5 min read

I once had the dumbest dog in the world–or so it seemed at the time. It happened to be a Dalmatian and it happened to be a she, though far be it from me to besmirch the honor of either the breed or the gender because of this cerebrally challenged beast.

How dumb was my dog? It repeatedly tried to run itself through a screened window of our back patio, cutting its snout and destroying the screen. What made this dog particularly doltish was not that it made mistakes–we all make mistakes–but that it never learned. Which brings me to the point of this post: “How can organizations learn and thereby avoid the all-too-common pattern of organizational imbecility?” Like that Dalmatian, too many organizations repeat the same patterns in spite of the undesired consequences these patterns produce.

The alternative to organizational stupidity is the smart organization. This may seem obvious but the evidence shows that smart organizations are rare. So, what exactly is organizational stupidity? And what does it take to build a smart organization? For one thing, it takes the alignment of the soft side of organizational life with the hard side.

The soft side of an organization has to do with the beliefs, attitudes, assumptions, values, and perspectives of the people who make up the organization. The hard side has to do with the policies, structures, rules, and regulations of the organization. An organization is smart when its soft side and hard side combine in such a way that its continued relevance is guaranteed.

This kind of organization is rare because most organizations dedicate the major part of their time learning how to be stupid. An organization is like an organism–it has its own defense mechanisms. Whenever a “foreign” entity tries to enter its body and change it, its natural instinct is to kill that foreign entity. Most organizations dedicate the major part of their energies perfecting their skills at destroying that which could change them.

New ideas are always a threat to the status quo and the status quo never relinquishes its life without a fight. Becoming a smart organization, therefore, cannot happen “naturally.” It takes willpower and determination.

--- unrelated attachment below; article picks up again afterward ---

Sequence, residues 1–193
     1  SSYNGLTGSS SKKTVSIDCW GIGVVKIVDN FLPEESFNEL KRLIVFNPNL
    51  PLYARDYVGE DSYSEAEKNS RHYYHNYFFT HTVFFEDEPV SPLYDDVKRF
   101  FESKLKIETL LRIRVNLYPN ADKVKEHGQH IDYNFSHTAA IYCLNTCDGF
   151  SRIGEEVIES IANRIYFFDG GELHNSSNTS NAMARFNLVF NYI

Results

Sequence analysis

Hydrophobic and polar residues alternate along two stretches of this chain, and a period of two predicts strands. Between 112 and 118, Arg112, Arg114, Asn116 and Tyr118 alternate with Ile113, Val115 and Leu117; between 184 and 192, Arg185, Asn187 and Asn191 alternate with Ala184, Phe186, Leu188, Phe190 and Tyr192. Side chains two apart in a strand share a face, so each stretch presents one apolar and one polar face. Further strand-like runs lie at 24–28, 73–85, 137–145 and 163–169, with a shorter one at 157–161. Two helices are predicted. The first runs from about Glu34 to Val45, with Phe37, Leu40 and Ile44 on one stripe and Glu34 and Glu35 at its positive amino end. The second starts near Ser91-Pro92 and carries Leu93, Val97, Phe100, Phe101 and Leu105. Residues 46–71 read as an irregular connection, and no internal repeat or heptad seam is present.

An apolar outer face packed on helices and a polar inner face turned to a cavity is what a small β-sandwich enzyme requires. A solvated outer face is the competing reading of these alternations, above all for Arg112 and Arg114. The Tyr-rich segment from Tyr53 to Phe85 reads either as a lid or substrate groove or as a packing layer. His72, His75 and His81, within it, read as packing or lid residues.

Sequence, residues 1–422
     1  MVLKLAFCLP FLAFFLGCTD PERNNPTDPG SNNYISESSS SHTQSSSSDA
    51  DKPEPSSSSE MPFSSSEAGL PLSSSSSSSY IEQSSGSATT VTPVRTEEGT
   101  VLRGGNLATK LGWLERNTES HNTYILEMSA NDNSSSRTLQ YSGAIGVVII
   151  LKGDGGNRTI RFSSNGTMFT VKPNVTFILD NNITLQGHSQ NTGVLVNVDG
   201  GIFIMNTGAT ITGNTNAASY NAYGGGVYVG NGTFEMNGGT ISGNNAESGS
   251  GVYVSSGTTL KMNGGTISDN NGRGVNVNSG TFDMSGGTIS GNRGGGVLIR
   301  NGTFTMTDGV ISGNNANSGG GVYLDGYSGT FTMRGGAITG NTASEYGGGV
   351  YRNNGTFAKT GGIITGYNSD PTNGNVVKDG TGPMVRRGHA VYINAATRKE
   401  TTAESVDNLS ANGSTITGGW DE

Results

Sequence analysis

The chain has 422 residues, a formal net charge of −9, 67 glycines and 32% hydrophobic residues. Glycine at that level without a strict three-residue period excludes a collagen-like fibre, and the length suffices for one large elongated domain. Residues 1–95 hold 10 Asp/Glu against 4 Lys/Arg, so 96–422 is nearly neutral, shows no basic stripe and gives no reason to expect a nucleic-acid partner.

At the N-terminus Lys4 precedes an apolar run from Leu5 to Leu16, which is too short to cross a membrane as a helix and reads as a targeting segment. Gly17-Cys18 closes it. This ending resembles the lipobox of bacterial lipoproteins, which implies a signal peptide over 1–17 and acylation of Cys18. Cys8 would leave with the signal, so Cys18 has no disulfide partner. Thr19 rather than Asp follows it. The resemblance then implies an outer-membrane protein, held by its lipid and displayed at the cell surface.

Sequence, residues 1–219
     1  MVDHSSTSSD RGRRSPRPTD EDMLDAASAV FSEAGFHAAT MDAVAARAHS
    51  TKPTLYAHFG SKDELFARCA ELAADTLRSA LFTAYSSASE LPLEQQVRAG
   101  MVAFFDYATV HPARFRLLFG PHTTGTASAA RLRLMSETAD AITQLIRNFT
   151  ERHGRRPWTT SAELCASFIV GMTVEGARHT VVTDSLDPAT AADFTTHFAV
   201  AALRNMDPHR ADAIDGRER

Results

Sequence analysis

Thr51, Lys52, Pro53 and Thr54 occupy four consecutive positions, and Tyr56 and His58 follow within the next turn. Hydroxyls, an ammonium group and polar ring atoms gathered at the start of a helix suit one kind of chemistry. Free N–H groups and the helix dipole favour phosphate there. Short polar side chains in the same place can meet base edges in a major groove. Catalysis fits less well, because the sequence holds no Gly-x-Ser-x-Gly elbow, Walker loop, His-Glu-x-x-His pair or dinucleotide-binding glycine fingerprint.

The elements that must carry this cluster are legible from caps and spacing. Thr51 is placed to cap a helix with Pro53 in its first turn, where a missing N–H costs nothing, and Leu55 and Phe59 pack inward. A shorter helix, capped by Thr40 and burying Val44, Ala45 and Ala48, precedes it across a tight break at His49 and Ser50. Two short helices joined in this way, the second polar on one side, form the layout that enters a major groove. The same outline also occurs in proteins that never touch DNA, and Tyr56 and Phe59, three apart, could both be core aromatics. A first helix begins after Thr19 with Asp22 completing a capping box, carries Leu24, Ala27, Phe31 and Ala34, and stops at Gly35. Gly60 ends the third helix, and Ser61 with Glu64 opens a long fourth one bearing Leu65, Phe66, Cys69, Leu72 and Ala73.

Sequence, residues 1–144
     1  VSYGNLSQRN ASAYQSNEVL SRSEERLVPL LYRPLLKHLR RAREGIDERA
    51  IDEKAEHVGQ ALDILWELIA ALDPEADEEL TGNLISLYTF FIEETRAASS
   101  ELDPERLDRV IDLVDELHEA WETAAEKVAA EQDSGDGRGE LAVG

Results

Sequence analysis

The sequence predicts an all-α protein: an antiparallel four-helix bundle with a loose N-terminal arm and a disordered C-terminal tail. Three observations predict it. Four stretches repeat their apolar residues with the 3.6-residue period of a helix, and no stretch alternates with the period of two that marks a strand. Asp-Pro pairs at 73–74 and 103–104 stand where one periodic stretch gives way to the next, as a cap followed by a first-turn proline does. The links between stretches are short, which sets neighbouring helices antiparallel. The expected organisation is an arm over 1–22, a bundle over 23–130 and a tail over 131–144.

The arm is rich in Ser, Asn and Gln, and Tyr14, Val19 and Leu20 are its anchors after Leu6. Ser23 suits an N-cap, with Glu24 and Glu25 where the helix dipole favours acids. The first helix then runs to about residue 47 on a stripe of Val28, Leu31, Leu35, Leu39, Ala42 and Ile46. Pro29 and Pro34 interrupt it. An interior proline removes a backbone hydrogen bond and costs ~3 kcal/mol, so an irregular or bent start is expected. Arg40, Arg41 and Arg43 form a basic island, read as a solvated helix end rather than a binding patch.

Those who have that determination are not content with merely accumulating facts; they are interested in building new knowledge. This new learning is not dependent on the knowledge of any one leader, but belongs to the organization itself.

One benefit of a smart organization is that if–by some catastrophe–the top leadership would vanish, the organization could survive. This is because its learning has been sown into the fabric of the organization.

Becoming a smart organization is not about learning to do what you already do in a more effective and efficient way. It’s about adapting to a constantly changing world. It’s about learning something new. It’s about looking at what’s happening outside your organization to detect the trends that may have an impact on your survival.1 Smart organizations, therefore, don’t just learn more; they learn better.

Becoming a smart organization involves three processes that must be in place simultaneously and continuously:

  1. sharing the learning of individuals with the organization as a whole,
  2. gaining buy-in for the new knowledge from the top leadership team, and
  3. inserting the new knowledge into the regular routines, policies, and culture of the organization.

The second point is crucial because it may even be the CEO or President who turns out to be the main obstacle to organizational learning. Please don’t misunderstand. I’m not blaming CEOs or Presidents. If you are the CEO, you may simply feel too tired or preoccupied to mess with newfangled ideas that have no bearing on this quarter’s bottom line. I completely understand that. Yet, without the commitment of the top leadership to the exploration of new ideas, the organization is destined to become insensitive to its environment and eventually to a state of perpetual duncery.

Perhaps we need a “no idea left behind” policy. Well, maybe not to that extent but at least a policy that says all ideas must be heard, even if they challenge the very foundations of organizational sanity. Sometimes great ideas seem insane when they are first spoken. This is why the top leadership must be committed to listening to the voices of innovation.

Once those in authority accept the new knowledge, the organization can then embed it into the policies, structures, values, and culture of the organization. New routines are then established based on the new knowledge, the organization can then be said to have learned. This does not, however, mean that it has become a smart organization.

For the organization to be smart, it must make sure that the process itself of continuous learning also becomes embedded into its routines. That’s a bit of a conundrum isn’t it? Smart organizations make renovation and adaptation the routine. If that doesn’t happen then the new knowledge will soon become the old tradition that stifles new learning and turns the organization back into a dumb organization.


1See my presentation on Foundations for Strategic Foresight for some ideas on how to do this.

Portrait of Dr. Waddell

Dr. Greg Waddell is passionate about helping church leaders equip their people for ministry. He believes there is wild potential in every believer that begs to be released. He can help you develop and implement practical strategies for increasing the ministry capacity of your congregation.


Photo: Dumb Graffiti Kid Ladinuel by Zen Sutherland, April 3, 2007. Licensed under CC BY-NC-SA 2.0.